Speaking Out for Change: The Evolution of the “Talkie”

Speaking Out for Change: The Next Evolution of the “Talkie”

It's been two decades since the emergence of the video game "talkie", and the inescapable truth is that there's been very little evolution in adventures ever since.  But as the saying goes, the more things change the more they stay the same, and the future of the genre may very well be the talkie all over again.  A brand new type of talkie, of course, but a talkie nonetheless. 

It's all very well and good for a game to talk to you, with pre-scripted dialogue lines recorded by voice actors in a studio long before you ever hear them.  But that's not really talking, just playback. So what about a game where you talk to it?  Impossible?  Not at all!  I've spoken to automated routing services that understood my commands on the phone before, so why not a game? 

One of the unfortunate byproducts of the move from text to graphic adventures was a significant loss of interactive freedom.  Even a basic text adventure can offer so much more personal control (however illusory it may be) than its modern day point-and-click counterparts.  Encountering a small mailbox in front of a white house, you could try opening it, looking at it, depositing something, emptying it, kicking it, kissing it, pushing it over, covering it with graffiti, or talking to it (hey, you never know).  True, far too often in the genre's early days the parser didn't understand what you were trying to tell it, but that was a technical limitation of the time that no longer applies.  That said, staring at a blank screen and typing just isn't going to cut it for most people today, so more text adventures really isn't the answer. 

Early SCUMM games like Maniac Mansion offered many more interactive options than modern adventures

SCUMM-era graphic adventures scaled back the interactivity, but still allowed a wide variety of verbs to play with.  With each hotspot giving you as many as fifteen generic options (not including inventory), there was still plenty of choice available.  And yet it was a nuisance to continually drag your cursor back and forth between action commands and the environment.  Before long, experimenting became more of a pain than pleasure.  Sierra refined the process further, reducing interactive options yet again and allowing right-clicks to cycle commands, but this too grew tedious over time.  The "verb coin" provided an elegant solution, eliminating additional mouse clicks at the expense of still more possibilities.  But even click-hold-slide-select is a hassle when multiplied by hundreds or thousands over the course of a game.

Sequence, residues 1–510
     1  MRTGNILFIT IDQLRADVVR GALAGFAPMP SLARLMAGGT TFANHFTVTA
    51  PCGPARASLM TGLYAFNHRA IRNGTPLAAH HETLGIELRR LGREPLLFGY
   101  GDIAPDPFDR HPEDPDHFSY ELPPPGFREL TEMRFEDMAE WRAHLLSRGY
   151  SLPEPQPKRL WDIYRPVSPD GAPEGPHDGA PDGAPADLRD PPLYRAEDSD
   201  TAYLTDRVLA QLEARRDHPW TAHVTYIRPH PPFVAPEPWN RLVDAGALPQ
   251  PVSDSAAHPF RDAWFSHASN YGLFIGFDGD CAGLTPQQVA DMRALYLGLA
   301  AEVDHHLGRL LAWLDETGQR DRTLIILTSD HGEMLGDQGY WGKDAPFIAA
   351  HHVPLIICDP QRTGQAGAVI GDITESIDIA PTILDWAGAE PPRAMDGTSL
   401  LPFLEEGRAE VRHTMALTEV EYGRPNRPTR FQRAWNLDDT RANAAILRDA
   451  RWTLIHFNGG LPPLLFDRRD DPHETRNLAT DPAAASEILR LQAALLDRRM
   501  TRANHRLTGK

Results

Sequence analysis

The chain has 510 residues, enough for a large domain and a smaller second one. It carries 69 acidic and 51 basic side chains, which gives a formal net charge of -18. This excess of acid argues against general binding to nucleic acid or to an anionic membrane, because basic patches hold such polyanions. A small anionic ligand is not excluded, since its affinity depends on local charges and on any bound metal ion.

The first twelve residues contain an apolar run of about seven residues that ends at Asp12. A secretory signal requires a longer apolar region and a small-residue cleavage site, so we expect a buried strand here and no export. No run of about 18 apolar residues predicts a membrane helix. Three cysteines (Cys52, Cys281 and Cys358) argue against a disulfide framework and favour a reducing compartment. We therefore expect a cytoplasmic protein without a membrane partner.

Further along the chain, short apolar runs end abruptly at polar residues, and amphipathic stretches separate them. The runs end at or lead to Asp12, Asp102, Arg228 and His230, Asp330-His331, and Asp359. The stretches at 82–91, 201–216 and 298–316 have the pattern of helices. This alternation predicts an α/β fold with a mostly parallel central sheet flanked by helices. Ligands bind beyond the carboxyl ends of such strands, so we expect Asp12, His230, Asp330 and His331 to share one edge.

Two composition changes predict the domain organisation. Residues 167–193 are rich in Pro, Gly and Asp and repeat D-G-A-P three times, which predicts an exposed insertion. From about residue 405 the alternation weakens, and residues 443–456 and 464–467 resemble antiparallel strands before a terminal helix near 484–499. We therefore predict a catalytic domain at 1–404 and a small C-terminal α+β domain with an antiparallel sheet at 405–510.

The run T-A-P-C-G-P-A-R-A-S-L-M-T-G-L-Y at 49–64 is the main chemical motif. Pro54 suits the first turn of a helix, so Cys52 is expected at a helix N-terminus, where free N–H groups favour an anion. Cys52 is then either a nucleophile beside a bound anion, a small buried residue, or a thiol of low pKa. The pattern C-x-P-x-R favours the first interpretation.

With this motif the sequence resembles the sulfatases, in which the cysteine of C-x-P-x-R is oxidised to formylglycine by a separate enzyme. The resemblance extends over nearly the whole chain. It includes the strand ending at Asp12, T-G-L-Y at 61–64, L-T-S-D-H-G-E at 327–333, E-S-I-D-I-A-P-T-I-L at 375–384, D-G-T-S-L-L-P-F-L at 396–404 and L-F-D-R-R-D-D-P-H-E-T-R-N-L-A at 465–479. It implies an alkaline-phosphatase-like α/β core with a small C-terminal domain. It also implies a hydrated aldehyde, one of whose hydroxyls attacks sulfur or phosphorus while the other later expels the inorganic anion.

Most graphic adventures nowadays dispense with all semblance of individual control in favour of purely linear scripting.  Sure, you can click what you want (so long as it's a hotspot), but the player's only input is to click, guess what might happen, and hope it's what you seek to accomplish.  (Often getting nothing more than a "that won't work" for your troubles.)  Many games add a "look" option as well, and the verb coin is still around, occasionally offering another choice or two.  But for the most part, we've been reduced to one-click-fits-all interaction.  It's very restrictive, but simple, streamlined, and fast. 

I'm thankful for the "fast" part.  My time is limited, and I have no desire to spend literally hours of it "playing the interface" rather than the game itself.  But I do lament the loss of personal involvement in my adventures, and I wish there was an alternative to typing or a tedious series of mouse clicks to accomplish what text adventures could (at least theoretically) do from the start.  If only we could sit back and simply TELL the game what we wanted to do!

Well, why can't we? 

Of all video game genres, arguably none are less tactile than adventures (excluding direct control titles like Dreamfall and Sherlock Holmes, which remain few and far between).  You simply couldn't take hands-on control away from a shooter, RPG, or strategy game, but there's a reason the term "point-and-click" is largely referred to (outside genre circles) with derision: the act itself is boring. There is nothing intrinsically fun or inspiring about sweeping the screen, clicking hotspots, watching a character plod around, then be force-fed whatever scripted action (or response) the developer saw fit to provide.  That's one second of active engagement for many times that of passive spectacle.  Yawn.